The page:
Former Harvard Med School Dean: Mandatory Diversity Statements for Faculty Must Go

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Former Harvard Medical School Dean Jeffrey Flier argued this week that mandatory diversity statements for faculty are a violation of academic freedom.

Jeffrey Flier, the former dean of Harvard Medical School, condemned a new UCLA policy that requires all new faculty members to sign onto an “Equity, Diversity, and Inclusion” statement.

“As a dean of a major academic institution, I could not have said this,” Flier began. “But I will now. Requiring such statements in applications for appointments and promotions is an affront to academic freedom, and diminishes the true value of diversity, equity of inclusion by trivializing it.”


Flier’s tweet immediately sparked a backlash. “Well congrats you’ve got the tiki torch boys all reved up,” one user wrote. “But I’ll bite, how does a statement describing ones efforts towards diversity affect academic freedom? I also had to make statements about my teaching philosophy and research approach for tenure and my freedom survived.”

Other users agreed with Flier. “The problem is that the term diversity is loaded. In its current meaning the (sic) is no diversity of viewpoint allowed and the ideology divides not unites people by splitting on race, sex and sexuality. That is the problem,” the user wrote.

UCLA is not the first school to introduce a mandatory diversity statement signature for tenure-track employees. In fact, the practice has become relatively common at universities all around the country.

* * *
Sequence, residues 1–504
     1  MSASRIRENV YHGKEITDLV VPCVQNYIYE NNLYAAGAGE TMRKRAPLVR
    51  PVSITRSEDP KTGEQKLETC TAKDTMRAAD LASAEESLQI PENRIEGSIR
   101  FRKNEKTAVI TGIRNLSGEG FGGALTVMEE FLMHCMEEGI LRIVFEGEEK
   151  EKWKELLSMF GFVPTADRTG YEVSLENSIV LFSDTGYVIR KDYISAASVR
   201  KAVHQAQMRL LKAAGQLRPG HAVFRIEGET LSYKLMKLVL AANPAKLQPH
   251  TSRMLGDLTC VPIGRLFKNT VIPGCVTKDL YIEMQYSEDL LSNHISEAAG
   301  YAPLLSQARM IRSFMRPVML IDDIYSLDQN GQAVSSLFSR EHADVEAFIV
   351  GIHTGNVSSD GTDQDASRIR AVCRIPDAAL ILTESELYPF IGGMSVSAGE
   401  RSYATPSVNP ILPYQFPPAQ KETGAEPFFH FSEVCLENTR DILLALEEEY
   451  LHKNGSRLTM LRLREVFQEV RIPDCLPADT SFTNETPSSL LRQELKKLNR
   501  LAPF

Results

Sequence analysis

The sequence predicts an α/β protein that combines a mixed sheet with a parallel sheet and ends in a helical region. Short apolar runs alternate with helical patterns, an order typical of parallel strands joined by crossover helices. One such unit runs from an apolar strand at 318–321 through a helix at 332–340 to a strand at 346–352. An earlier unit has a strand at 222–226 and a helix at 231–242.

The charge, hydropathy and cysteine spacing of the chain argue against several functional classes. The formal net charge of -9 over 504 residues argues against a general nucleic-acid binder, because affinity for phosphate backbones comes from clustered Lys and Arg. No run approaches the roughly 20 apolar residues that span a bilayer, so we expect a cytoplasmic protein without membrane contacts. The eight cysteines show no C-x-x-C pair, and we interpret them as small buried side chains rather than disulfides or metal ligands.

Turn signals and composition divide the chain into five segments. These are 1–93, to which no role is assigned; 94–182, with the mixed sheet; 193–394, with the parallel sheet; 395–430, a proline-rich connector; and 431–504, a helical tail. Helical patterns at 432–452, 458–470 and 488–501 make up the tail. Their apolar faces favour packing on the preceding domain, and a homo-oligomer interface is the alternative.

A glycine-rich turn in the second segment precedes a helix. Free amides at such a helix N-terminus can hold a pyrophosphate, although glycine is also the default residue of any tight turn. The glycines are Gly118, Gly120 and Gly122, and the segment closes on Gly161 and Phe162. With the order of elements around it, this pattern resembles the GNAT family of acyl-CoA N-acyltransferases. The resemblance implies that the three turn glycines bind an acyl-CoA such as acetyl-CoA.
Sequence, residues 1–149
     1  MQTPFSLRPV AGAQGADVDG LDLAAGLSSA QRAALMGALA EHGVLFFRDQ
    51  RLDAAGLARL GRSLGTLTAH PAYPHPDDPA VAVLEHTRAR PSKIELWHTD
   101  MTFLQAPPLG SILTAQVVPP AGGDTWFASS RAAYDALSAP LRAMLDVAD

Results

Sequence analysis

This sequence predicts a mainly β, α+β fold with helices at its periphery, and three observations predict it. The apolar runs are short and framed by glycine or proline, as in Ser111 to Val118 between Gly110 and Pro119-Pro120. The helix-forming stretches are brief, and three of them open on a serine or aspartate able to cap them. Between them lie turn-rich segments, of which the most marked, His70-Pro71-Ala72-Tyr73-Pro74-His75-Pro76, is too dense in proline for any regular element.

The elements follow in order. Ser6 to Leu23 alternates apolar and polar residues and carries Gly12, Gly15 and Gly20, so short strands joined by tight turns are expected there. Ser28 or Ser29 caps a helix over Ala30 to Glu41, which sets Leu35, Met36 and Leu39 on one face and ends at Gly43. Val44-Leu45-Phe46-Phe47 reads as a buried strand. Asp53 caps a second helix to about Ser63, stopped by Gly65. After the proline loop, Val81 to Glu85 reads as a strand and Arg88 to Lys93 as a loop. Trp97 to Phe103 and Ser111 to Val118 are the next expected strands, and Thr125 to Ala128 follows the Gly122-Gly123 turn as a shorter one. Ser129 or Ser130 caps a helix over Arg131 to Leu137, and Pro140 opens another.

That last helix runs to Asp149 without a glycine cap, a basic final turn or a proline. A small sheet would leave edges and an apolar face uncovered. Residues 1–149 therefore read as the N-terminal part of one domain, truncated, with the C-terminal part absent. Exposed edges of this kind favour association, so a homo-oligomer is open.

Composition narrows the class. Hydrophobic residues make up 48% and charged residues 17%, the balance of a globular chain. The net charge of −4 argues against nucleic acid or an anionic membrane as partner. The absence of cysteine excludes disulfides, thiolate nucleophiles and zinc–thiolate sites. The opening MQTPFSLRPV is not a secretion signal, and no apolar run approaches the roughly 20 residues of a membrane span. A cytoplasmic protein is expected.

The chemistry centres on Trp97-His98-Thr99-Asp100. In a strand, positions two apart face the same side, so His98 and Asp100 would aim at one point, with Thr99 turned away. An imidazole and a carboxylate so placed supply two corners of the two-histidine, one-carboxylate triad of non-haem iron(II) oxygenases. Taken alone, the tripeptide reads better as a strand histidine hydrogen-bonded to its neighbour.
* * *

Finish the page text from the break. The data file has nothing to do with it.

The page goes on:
The problem with these statements is not that they establish a commitment to cultivating a diverse campus community. The actual issue is that universities are often asking professors to endorse, either directly or indirectly, very specific policies and practices including affirmative action and massive multi-million dollar budgets for campus diversity offices. One can support the core goal of cultivating a diverse campus without supporting an overreaching administration that designs the faculty and student body based on their subjective interpretation of what diversity looks like.

Flier and others are not wrong to worry that mandatory diversity statements imply that all faculty members are forced to support the latter. And that is definitely a concerning violation of intellectual freedom.


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